I had the pleasure of reviewing John Claude Smith’s earlier collection, The Dark is Light Enough for Me. I was suitably impressed with Smith’s work, and so I embarked on my new reading journey with Autumn in the Abyss with some excitement.
I was not disappointed. In fact, I can see a maturing of Smith’s style and subject matter/themes. Deeper insights and sophistication; greater complexity—and yet a well balanced structure. Additionally, Dark is Light Enough for Me was a heterogeneous collection of short fiction, without an obvious thematic context of the whole (albeit, it was a good collection of individual stories), while Autumn in the Abyss is, on several levels, a case where the stories, together, have strong collective impact, more so than the individual components. More on that later.
Smith is a visceral writer—he does not feel the need to be limited in subject matter and description to get to the guts of a tale, and yet he is also an artist, choosing from his expansive palette to achieve the right hues, proportions, texture. Squeamish readers should carefully consider reading his work.
Smith’s five stories have two major themes or threads running in a zigzag fashion through them, both distinctly Lovecraftian in influence, and clearly delivered in a unique voice.
Firstly, and most notably conveyed in the first story, ‘Autumn in the Abyss’, the author deliberately eases the reader into a creeping and growing sense of cosmic horror. There’s nasty shit out there and humanity features rather insignificantly. While this sense runs through all the other stories to some degree or another, ‘La mia immortalita’ certainly oozes this sense as well. Smith’s style—and again, particularly in ‘Autumn in the Abyss’—pays homage to Lovecraft’s style, particularly with the use of first person in ‘Autumn in the Abyss’.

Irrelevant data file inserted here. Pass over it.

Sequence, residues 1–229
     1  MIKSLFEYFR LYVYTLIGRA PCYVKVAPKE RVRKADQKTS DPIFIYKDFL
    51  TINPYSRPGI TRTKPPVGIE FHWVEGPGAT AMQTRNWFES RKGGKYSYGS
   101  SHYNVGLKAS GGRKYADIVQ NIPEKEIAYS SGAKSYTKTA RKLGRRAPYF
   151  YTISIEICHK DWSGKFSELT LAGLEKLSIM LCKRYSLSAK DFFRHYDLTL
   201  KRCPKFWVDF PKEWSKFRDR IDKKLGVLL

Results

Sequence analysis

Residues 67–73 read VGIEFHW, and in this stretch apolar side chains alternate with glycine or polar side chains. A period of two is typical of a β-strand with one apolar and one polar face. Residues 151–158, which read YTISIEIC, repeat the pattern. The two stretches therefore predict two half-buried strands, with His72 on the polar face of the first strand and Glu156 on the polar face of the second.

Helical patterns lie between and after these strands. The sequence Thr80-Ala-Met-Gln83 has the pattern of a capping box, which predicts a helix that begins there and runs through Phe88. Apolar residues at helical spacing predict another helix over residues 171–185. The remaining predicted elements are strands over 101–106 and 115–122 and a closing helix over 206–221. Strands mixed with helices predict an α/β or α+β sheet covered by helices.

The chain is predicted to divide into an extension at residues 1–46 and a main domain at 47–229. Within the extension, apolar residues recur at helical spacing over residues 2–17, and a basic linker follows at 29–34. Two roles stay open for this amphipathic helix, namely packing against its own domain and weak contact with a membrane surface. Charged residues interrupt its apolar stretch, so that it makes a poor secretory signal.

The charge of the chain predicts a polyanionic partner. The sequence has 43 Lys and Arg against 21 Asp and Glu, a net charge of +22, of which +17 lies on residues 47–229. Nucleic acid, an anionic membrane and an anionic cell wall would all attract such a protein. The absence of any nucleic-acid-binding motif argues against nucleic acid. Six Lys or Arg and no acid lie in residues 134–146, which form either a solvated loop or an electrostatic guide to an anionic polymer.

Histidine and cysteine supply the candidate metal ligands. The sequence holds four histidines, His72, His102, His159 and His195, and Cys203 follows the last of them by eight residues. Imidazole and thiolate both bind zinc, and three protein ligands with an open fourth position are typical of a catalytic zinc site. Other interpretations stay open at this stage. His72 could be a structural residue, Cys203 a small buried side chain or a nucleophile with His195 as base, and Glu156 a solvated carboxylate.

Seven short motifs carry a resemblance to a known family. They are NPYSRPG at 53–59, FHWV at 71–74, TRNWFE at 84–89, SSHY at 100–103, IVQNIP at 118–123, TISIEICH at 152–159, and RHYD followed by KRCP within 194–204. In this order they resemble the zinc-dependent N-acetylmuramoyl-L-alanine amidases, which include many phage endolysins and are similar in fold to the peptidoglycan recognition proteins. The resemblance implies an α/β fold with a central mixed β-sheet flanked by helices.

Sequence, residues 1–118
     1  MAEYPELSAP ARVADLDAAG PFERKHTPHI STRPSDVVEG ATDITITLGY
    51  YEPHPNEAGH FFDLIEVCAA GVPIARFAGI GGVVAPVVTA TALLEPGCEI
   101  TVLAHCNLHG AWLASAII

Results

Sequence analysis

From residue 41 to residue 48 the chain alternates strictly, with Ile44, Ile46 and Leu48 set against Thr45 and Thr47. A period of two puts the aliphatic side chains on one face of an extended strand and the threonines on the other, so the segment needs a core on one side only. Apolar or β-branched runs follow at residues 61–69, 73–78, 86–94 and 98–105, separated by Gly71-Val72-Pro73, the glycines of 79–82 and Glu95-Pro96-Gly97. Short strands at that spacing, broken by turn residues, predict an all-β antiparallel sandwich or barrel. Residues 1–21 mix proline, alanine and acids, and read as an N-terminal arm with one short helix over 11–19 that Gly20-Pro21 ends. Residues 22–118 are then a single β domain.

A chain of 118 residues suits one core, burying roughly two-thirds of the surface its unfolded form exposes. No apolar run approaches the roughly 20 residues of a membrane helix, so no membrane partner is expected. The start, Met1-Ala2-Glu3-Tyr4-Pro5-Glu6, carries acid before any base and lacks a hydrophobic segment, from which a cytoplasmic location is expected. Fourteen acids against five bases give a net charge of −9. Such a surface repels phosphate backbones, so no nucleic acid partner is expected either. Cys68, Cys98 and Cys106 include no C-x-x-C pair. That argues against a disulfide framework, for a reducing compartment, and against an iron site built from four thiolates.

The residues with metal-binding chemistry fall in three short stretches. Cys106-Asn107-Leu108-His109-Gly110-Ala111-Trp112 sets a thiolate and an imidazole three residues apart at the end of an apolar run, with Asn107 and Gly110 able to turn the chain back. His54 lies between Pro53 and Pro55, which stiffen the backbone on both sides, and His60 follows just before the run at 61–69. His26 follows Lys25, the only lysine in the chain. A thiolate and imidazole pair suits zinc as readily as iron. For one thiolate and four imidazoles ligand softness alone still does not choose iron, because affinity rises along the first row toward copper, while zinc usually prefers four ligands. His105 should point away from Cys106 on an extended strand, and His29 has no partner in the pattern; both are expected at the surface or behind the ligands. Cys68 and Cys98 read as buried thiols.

The second thread is more interesting and effective, and saturates the last four of the five tales: the depths of depravity and evil that humans can attain, without the aid of the supernormal. By intertwining the cosmic-layered horror with the human-layer, Smith etches a greater clarity in each, but the human side of the equation is the most disturbing, and insightful.
The first story, ‘Autumn in the Abyss’, was a pleasant surprise and sowed the seed of my view of Smith’s growing sophistication. On the surface the short story is a surrealistic tale of a man obsessed with writing a biography of a long dead Beat-period poet. I won’t spoil the ending by detailing much more of the plot. As stated above, it decidedly invokes HPL’s style and allusions to the Mythos. Smith slowly and cleverly reveals horrifying powers linked with the poet that the narrator is obsessed with, where words have multidimensional powers that parallel Lovecraft’s depiction of the terrifying dimensions associated with angles in space and time, as per the ‘The Whisperer in Darkness’ (which in turn was influenced by Frank Belknap Long/August Derleth). Ultimately, the most Lovecraftian element of Smith’s story is the sense, at the end of the tale, of the utter futility of humankind, in the face of horrifying powers that dwell on the edge of perception. This is a highly recommended piece, for the reasons outlined above, as well as being a great horror tale in itself, and its thorough research into the poetry movements in the US in the 1950s and 60s.